We specialise in carrying out bat surveys, providing advice on appropriate mitigation and compensation when bats will be unavoidably affected by development or tree work.
Working in accordance with the nationally recognised good practice guidelines published by the Bat Conservation Trust in 2016 and the Natural England Bat Mitigation Guidelines (2004), we offer surveys, mitigation and advice to a high professional standard.
We have prepared and been granted over 90 European Protected Species Licences for a range of developments and bat species. John Wenman was one of the first ecologists registered to act under the Low Impact Class Licence by Natural England in 2015; since then we have completed work on multiple projects affecting small numbers of common bat species under the Class Licence.
All 18 (of which 17 are breeding) bat species resident in the UK are fully protected by the Wildlife & Countryside Act 1981 (as amended) and by the Conservation of Habitats and Species Regulations 2010 (‘Habitat Regulations’). In summary, the legislation combined makes it an offence to:
Any development work that has the potential to commit any of the offences listed above will require a bat survey to be carried out by a suitably qualified ecologist. We have extensive experience in undertaking detailed bat surveys to be submitted with planning applications for a variety of residential and commercial developments including a range of structures such as residential dwellings, commercial buildings, industrial units, trees, bridges and churches.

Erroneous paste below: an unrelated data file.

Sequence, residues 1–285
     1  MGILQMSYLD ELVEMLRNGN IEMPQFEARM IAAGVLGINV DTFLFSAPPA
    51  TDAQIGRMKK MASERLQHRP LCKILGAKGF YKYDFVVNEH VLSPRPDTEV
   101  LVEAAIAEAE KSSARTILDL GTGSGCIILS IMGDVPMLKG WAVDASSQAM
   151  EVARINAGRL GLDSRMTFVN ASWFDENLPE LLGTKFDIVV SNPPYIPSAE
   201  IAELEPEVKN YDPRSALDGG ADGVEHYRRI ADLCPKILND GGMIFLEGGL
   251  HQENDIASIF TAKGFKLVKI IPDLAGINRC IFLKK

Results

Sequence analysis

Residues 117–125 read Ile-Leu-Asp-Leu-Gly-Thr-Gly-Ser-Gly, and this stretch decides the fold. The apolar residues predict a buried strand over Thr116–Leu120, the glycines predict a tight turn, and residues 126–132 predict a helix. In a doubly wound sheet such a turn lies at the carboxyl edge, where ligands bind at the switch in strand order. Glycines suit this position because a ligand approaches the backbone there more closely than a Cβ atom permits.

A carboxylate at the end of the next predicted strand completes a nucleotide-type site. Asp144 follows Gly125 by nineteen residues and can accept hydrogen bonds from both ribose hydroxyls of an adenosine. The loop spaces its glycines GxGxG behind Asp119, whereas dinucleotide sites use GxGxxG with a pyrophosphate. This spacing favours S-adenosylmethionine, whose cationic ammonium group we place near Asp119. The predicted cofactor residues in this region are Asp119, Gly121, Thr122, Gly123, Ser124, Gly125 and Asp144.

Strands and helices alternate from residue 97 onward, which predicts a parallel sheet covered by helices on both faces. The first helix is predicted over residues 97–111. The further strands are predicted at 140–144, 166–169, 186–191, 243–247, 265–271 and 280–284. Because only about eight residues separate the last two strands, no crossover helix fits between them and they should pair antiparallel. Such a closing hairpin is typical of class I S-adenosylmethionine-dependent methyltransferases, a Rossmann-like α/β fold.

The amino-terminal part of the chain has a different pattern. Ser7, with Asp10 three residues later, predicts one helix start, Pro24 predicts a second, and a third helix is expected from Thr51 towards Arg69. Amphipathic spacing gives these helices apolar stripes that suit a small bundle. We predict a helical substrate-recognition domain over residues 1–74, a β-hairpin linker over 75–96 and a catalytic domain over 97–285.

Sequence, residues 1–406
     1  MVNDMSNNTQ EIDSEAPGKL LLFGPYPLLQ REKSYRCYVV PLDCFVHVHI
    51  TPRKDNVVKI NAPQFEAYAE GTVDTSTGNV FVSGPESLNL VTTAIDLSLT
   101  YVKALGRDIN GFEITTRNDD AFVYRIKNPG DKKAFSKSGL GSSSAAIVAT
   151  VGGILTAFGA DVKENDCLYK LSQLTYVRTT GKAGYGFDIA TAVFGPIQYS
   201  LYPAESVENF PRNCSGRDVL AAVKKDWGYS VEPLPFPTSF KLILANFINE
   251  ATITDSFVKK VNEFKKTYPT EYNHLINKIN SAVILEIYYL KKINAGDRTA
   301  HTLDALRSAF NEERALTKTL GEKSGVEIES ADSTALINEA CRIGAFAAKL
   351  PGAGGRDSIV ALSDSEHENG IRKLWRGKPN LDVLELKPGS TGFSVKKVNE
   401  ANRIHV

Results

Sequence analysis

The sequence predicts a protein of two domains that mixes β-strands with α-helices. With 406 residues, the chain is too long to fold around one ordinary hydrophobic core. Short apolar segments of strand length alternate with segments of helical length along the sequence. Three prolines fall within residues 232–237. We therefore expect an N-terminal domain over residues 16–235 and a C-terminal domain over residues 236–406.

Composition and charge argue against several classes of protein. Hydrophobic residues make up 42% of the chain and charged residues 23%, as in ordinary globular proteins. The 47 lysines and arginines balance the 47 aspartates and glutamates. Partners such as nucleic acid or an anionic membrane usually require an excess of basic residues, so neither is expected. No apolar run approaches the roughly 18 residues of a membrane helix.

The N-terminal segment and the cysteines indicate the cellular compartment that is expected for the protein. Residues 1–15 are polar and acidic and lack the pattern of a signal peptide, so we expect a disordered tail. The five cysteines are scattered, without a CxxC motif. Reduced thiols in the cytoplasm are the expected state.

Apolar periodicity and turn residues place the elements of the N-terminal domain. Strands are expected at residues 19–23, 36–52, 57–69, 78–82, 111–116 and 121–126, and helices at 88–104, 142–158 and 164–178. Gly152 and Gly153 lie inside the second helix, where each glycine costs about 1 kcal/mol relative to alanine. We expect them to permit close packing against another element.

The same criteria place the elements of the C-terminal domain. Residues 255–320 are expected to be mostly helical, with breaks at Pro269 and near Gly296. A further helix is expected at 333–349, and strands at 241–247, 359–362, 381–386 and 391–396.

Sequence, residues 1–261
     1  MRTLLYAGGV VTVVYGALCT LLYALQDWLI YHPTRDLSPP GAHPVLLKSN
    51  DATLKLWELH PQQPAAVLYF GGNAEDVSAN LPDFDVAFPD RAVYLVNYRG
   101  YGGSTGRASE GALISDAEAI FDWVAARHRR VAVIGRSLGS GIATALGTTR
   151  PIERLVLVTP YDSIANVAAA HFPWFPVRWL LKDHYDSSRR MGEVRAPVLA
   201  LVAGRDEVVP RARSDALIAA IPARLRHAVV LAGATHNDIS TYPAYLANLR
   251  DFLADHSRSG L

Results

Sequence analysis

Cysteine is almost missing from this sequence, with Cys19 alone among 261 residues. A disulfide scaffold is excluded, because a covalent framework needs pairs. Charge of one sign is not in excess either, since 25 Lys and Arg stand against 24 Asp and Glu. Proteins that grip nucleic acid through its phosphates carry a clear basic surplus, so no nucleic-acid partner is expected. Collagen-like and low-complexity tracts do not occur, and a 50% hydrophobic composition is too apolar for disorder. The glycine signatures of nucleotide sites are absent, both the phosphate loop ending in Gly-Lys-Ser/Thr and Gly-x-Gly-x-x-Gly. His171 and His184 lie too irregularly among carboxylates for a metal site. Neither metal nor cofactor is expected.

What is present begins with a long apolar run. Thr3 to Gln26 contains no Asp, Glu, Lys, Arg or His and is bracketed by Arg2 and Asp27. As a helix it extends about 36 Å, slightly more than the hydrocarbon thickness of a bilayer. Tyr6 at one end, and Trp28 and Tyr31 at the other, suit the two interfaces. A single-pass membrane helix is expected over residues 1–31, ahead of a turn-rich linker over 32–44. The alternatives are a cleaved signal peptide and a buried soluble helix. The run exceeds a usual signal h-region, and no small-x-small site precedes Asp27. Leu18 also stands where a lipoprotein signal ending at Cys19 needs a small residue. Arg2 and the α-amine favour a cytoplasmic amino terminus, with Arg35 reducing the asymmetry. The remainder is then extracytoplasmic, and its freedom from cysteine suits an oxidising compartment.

An initial daylight inspection of the structure is carried out. This includes a thorough inspection of any roof spaces or internal areas accessible by bats, and a survey of the exterior of the structure. This preliminary survey identifies any evidence of a bat roost and potential features that could be used by roosting bats. Such features include gaps between tiles and cladding on buildings, woodpecker holes in trees and cracks in the brickwork of bridges.
If the initial daylight inspection reveals evidence of roosting bats or potential features that could be used by roosting bats, which would be affected by the work planned, further detailed survey is likely to be required. Further survey typically involves completing evening emergence and dawn re-entry surveys with the aid of bat detectors. This is to establish if bats are present or likely to be absent, or to determine the status of the roost if present. This detailed information is essential in determining the impacts that the development would have on bats and is usually required to support a European Protected Species Licence application to allow the works to take place lawfully.
When surveys show that impacts on bats or their roosts are unavoidable we will provide advice on how to mitigate the impacts of the project. For example this may include timing the works to avoid periods of the year when bats are especially sensitive to disturbance such as the summer breeding season and/or carefully soft stripping parts of a roof used by bats. Where the loss of an existing roost cannot be avoided, for example where buildings supporting bats are to be demolished, we can provide advice on how compensatory roosting sites can be provided within new buildings, for example by installing bat access points within a roof (see photograph above).
A European Protected Species Licence issued by Natural England of confirmation of the site's registration under the Low Impact Class Licence (if appropriate) will be required where projects will unavoidably disturb bats or affect their roosting sites. We have extensive experience of preparing European Protected Species Licence applications (having completed over 60 applications) and working under the Low Impact Class Licence to allow works affecting bat roosts to go ahead lawfully and acting as the named ecologist allowing us to carry out and complete mitigation work on sites with successful results for the bats and the client (See our project examples).